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SS&C promised to buy David Welling lots of M&A toys to sweeten his firm's Black Diamond offering and now the big Salesforce-Microsoft reseller begins to fulfill that promise
October 24, 2016 — 2:48 PM UTC by Brooke Southall
SS&C Technologies Inc. is buying Salentica.
The Windsor, Conn.-based owner of Advent Software and Black Diamond (An independent business group of Advent) is purchasing the Toronto-based CRM provider for an undisclosed sum. Salentica serves 100 large RIAs with average assets under management of $3 billion. Forty percent of its clients are already heavy users of Black Diamond, Advent or SS&C software. See: SS&C buys Advent for the Geneva crown jewels so what happens to Black Diamond and Advent Axys?
The move is intended, of course, to create a better integrated performance reporting and customer relationship software product under one roof, according to David Welling, the Jacksonville, Fla.-based head of the advisory business and general manager of Black Diamond for SS&C Technologies.
Welling says that the deal fulfills the promise of SS&C using its capital to drive inorganic growth and that the CRM is the first purchase by Advent since Black Diamond itself. See: How SS&C muscle might be just what the Black Diamond and Advent Software doctor ordered
But Welling says the deal is also intended to solve a more immediate and exasperating problem -- helping existing customers who already have Salesforce. Indeed, Welling says, he has seen his clients suffer from configuring Salesforce costing twice as much as the license itself.
"That's a really key part of that," he says.
APIs vs. connections
Though Salentica has focused on reselling Microsoft CRM, Salentica's execs attended Dreamforce, the Salesforce mecca, two years ago and have begun to make Salesforce an alternative to Microsoft Dynamics. See: Salesforce rolls out giant product, pricing changes -- a virtual doubling for the direct-sold version that could price out some mainstream RIA practices
The work Salentica did to prepare Salesforce for other RIAs can be extended to SS&C clients, according to its president and founder, Bill Rourke, who owns 100% of Salentica, along with his wife.
"You don't need a program to make it work," he says. "Everyone else is doing APIs. We're doing connections."
One Black Diamond competitor, Eric Clarke, president of Omaha, Neb.-based Orion Advisor Services LLC, questions whether the joining of Salentica and Black Diamond is good for many advisors.
"I personally don't think this will be received well by independent advisors," he says. "For captive advisors, all-in-one might make sense."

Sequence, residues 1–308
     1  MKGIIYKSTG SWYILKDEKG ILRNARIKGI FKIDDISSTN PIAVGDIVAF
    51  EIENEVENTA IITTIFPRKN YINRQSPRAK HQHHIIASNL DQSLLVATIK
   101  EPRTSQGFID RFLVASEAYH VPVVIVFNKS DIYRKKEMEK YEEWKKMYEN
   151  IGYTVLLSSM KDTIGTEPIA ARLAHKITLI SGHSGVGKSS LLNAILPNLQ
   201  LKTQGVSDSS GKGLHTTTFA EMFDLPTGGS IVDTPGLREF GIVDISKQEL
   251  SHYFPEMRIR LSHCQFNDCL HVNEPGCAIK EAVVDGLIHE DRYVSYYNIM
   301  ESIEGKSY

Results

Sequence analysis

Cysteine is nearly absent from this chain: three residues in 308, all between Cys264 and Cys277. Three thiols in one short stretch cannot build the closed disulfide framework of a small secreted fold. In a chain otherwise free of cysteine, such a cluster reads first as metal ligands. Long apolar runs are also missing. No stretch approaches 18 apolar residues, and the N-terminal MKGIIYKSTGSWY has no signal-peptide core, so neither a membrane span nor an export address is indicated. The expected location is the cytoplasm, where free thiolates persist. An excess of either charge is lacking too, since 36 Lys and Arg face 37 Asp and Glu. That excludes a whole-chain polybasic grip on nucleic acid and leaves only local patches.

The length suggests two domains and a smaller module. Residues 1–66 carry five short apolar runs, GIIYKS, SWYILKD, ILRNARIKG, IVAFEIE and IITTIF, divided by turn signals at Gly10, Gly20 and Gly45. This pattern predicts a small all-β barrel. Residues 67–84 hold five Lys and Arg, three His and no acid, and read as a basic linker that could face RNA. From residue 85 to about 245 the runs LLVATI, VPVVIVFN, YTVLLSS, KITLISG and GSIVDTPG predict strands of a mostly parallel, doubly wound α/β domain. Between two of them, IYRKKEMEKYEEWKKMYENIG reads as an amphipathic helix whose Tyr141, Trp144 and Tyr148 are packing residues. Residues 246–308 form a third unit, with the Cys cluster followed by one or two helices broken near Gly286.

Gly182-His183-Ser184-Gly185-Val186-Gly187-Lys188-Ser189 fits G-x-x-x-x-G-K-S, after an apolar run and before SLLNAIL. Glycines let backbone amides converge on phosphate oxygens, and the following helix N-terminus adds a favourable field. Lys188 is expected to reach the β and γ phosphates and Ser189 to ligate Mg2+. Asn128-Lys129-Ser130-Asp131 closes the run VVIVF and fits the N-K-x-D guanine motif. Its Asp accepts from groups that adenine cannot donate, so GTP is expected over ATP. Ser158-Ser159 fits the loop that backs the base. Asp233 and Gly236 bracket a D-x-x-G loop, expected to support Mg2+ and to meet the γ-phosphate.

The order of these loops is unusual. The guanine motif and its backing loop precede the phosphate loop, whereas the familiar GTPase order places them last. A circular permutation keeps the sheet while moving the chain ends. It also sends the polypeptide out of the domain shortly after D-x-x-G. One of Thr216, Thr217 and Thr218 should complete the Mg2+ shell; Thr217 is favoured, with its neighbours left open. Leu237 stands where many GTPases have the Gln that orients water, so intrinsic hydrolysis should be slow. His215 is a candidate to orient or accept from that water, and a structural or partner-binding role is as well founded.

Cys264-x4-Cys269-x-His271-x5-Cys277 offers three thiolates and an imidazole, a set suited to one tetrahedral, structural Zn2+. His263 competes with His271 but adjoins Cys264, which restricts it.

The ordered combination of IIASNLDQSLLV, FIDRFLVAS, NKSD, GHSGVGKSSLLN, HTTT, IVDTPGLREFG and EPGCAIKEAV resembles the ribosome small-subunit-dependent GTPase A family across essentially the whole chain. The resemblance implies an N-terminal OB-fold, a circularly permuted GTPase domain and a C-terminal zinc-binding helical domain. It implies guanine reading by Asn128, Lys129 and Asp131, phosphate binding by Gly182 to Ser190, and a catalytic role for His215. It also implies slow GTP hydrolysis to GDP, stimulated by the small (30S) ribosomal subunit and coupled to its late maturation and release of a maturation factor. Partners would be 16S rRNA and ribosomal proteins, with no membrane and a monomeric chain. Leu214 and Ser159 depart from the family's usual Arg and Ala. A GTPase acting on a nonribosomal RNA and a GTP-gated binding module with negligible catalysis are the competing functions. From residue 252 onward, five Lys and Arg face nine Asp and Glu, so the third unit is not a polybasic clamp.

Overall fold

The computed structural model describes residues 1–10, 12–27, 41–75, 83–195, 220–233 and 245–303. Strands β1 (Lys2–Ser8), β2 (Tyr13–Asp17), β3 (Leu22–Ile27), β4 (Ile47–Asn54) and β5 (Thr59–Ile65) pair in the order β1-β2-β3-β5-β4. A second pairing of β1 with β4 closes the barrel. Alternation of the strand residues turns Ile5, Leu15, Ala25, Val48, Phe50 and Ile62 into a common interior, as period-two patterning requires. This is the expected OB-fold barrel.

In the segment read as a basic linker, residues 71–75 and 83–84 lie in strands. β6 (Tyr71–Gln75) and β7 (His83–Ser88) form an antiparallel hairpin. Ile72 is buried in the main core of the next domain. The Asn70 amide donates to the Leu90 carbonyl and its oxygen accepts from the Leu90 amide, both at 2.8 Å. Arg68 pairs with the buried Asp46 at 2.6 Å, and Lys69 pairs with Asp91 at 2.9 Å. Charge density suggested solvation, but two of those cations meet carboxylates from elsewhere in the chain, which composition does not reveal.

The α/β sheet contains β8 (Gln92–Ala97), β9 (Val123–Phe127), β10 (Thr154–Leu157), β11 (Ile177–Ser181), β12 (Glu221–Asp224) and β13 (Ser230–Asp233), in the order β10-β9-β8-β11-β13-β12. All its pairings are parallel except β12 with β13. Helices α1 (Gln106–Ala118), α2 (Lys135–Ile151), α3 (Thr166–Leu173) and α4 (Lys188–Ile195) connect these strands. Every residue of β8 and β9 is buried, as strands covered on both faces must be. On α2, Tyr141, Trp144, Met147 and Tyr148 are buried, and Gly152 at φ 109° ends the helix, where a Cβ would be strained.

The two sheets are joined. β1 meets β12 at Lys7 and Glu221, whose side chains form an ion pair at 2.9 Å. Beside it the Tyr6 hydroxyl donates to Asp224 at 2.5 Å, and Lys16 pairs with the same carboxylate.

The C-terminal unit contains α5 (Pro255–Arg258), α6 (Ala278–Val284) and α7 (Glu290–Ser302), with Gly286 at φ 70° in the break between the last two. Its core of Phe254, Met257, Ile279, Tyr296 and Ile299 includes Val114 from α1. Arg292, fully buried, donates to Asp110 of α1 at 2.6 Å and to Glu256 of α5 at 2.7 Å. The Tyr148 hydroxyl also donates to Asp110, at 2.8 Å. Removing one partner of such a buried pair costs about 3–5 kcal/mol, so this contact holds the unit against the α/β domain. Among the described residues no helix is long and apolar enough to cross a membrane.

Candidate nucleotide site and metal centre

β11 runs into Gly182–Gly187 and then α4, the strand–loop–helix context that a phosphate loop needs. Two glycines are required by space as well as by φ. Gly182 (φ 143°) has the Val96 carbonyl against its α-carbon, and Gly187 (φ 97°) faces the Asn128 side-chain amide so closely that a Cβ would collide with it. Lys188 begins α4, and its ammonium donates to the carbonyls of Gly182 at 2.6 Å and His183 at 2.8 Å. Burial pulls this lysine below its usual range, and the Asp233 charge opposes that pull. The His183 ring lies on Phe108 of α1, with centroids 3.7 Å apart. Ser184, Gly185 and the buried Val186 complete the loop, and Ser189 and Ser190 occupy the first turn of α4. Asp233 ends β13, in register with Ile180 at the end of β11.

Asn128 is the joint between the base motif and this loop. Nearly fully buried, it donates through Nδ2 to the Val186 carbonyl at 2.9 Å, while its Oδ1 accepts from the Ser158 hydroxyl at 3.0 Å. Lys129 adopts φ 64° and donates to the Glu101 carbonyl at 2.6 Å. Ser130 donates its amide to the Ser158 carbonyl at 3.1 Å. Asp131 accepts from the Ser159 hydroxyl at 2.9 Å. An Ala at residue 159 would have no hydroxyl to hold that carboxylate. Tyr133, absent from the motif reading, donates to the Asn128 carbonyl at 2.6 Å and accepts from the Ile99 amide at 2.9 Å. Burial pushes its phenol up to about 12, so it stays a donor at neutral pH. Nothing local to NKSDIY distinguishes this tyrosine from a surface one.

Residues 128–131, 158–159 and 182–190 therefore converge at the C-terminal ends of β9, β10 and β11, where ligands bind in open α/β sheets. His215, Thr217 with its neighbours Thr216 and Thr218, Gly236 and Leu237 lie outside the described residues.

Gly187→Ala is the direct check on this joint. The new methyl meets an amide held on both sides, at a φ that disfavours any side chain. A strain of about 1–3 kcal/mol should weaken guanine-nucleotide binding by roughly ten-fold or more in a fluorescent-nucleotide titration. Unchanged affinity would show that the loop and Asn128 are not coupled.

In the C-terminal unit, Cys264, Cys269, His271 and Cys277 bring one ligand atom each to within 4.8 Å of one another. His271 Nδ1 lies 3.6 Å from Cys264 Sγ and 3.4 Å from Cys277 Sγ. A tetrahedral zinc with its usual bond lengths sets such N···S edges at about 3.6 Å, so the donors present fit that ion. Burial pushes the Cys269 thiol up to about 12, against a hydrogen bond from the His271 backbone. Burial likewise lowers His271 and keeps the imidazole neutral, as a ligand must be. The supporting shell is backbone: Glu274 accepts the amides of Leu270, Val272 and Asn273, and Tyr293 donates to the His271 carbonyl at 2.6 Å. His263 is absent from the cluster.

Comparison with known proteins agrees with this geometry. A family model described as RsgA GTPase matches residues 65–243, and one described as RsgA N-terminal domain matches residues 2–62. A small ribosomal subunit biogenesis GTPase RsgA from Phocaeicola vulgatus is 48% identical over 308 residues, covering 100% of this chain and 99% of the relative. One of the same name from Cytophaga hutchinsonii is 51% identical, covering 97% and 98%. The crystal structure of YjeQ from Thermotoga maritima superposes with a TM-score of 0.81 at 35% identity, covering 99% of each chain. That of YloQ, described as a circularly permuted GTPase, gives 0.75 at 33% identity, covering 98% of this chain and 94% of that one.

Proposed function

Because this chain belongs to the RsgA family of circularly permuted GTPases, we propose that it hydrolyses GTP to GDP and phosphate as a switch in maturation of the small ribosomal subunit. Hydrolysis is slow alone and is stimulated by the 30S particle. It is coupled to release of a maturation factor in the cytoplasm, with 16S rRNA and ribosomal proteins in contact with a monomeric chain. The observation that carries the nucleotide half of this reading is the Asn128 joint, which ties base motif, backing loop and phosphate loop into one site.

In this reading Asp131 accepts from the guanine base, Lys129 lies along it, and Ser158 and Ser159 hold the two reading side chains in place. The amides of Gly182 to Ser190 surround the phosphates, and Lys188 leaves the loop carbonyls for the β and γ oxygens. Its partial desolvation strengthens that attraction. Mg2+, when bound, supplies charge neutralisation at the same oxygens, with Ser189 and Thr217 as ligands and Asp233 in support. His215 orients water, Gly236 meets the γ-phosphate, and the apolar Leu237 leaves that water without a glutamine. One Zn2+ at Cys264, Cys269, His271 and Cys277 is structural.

Greg Friedman, CEO of Raleigh, N.C.-based Junxure, another big CRM maker for RIAs, says he can't help but worry, too, about a big player like Black Diamond cozying up to a single CRM provider.
"It raises concerns," he says. "[Black Diamond] has been a good partner. I hope that continues. I don't think it's good for the industry if everything is built to Salesforce. Many firms are putting money toward Salesforce at the expense of other priorities."
Welling says his firm continues to value Gold River-Calif.-based Redtail Technology, Junxure and other CRM providers. Rourke says his firm will continue to focus on the largest of RIAs where its competence shines brightest. Edelman Financial is one giant RIA that Rourke counts among his clients. How Ric Edelman's bounty of radio and TV leads pushed his $12-billion RIA from Microsoft to GoldMine to Salentica
Rourke adds that he will continue to work with several big RIAs that use Seattle-based Envestnet | Tamarac, Orion and other big competitors.
Black Diamond is having a phenomenal year of growth, according to Welling, with 200 new firms signed on as of Sept. 30, a nine-month total that matches last year's 12-month tally. Black Diamond now serves 950 firms managing $460 billion of cumulative assets. Welling attributes part of that growth to succession-driven mini-mergers that prompt an upgrade of software. See: Black Diamond partners with MoneyGuidePro to create a turnkey product
It was just that growth that convinced Rourke to forego his bootstrapping independence. "We didn't use outside capital and there's limits to growth" with that approach, he says.
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